Chickens are a valuable asset for preppers. They can provide for your family’s homestead in many different ways unrelated to them being great sources of food. If you’re looking to start your own self-sustaining homestead, chickens are a great way to ease yourself into this process.
Here are nine reasons why your homestead needs chickens. (h/t to ThePreppingGuide.com)
If you’re looking for a farm animal to start your homesteading journey, chickens are a great choice because they are extremely easy to care for. Supplying them with fresh food and water is an easy task, especially if you have plenty of space for your chickens to roam around freely. Chickens are known to forage for their own food if left to their own devices. All you need to do is support their diet by providing them with some feed and supplements so that they get an adequate amount of nutrition. You can even feed them the scraps from your dinner table.
The main reason people have chickens is that they’re a good food source. If you’re a prepper living in your own homestead, you will need a lot of protein and luckily for you, chickens can give you that. The average hen can produce approximately one egg each day, so it’s a good idea to keep several so that you and your family can have enough on a daily basis. Having egg-laying hens around will be a great relief for you, especially if SHTF. Furthermore, chickens grow quickly and will be a good source of fresh meat after several months.
If you’re prepping on a budget, you should know that it is relatively inexpensive to care for chickens compared to other farm animals. Plus, the return of investment you get from buying your first batch of chickens will return once you get a regular supply of eggs and meat from them.
If your homestead is yet to be fenced in, don’t worry about how far your chickens will go. They are amazing creatures of habit and will definitely stick around as long as you continue to provide them with what they need to survive. Give them a few days of confinement in your property and then you won’t have to worry about them wandering too far. All they need to know is where to roost for the evening and where to eat and drink.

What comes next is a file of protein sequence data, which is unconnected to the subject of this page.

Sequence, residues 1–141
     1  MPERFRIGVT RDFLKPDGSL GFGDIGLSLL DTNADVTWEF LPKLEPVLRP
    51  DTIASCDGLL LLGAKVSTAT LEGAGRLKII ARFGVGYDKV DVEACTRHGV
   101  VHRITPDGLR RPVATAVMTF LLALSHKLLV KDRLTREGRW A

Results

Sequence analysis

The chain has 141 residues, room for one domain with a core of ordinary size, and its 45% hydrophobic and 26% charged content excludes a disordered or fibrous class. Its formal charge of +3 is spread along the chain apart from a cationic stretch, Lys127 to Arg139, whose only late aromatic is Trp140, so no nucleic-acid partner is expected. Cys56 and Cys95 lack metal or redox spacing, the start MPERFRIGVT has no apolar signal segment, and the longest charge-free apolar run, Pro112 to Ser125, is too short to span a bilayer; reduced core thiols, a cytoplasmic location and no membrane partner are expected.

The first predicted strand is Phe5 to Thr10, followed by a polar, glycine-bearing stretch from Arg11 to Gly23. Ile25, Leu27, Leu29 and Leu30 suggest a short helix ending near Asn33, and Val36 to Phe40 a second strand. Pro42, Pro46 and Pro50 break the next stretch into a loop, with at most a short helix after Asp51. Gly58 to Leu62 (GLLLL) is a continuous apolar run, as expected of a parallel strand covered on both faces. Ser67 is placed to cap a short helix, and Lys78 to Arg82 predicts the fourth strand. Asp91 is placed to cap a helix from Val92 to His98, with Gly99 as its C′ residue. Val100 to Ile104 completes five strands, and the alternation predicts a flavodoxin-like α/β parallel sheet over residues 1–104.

Chickens are omnivores. This means they will happily eat both the chicken feed you give them, as well as any critters that may be wandering around in your homestead. If your area is filled with insects that are preying on your garden, releasing the chickens can help you control the insect population easily. Chickens are also known for hunting down rodents, so if you have a rat problem, they are your answer.
So long as you have several roosters in your flock, the number of chickens you have in your homestead will rise exponentially very quickly. Just make sure your hens have a safe place where they can incubate their eggs peacefully.
Depending on the kind of chicken you have, some of them will fare better in confined spaces. This isn’t to say that you should just leave your chickens in a cage all their life similar to the fate of millions of commercial chickens. However, if your homestead isn’t all that large, you won’t need a lot more space to raise a flock.
Chickens are good at fertilizing. They are great at naturally aerating the earth around your plants, and they will leave behind their droppings as they do so, fortifying the soil with plenty of nutrients. This means that you can save a lot of money just by having a few chickens around as a near-limitless source of manure. (Related: Homesteading 101: Using chickens to help manage your compost.)
You should also consider chickens to be your homestead pets if you’re in need of a source of entertainment. They are fun to have in the homestead and you can even play with them outdoors since they need to walk around in open areas in order to remain healthy and productive. If you’re on your own, chickens can provide you with companionship.
Chickens are easy to raise, very productive and versatile farm animals. If you’re looking to start up your homestead, consider getting a few chickens around. For more information on what else your homestead needs, head over to Homesteading.news.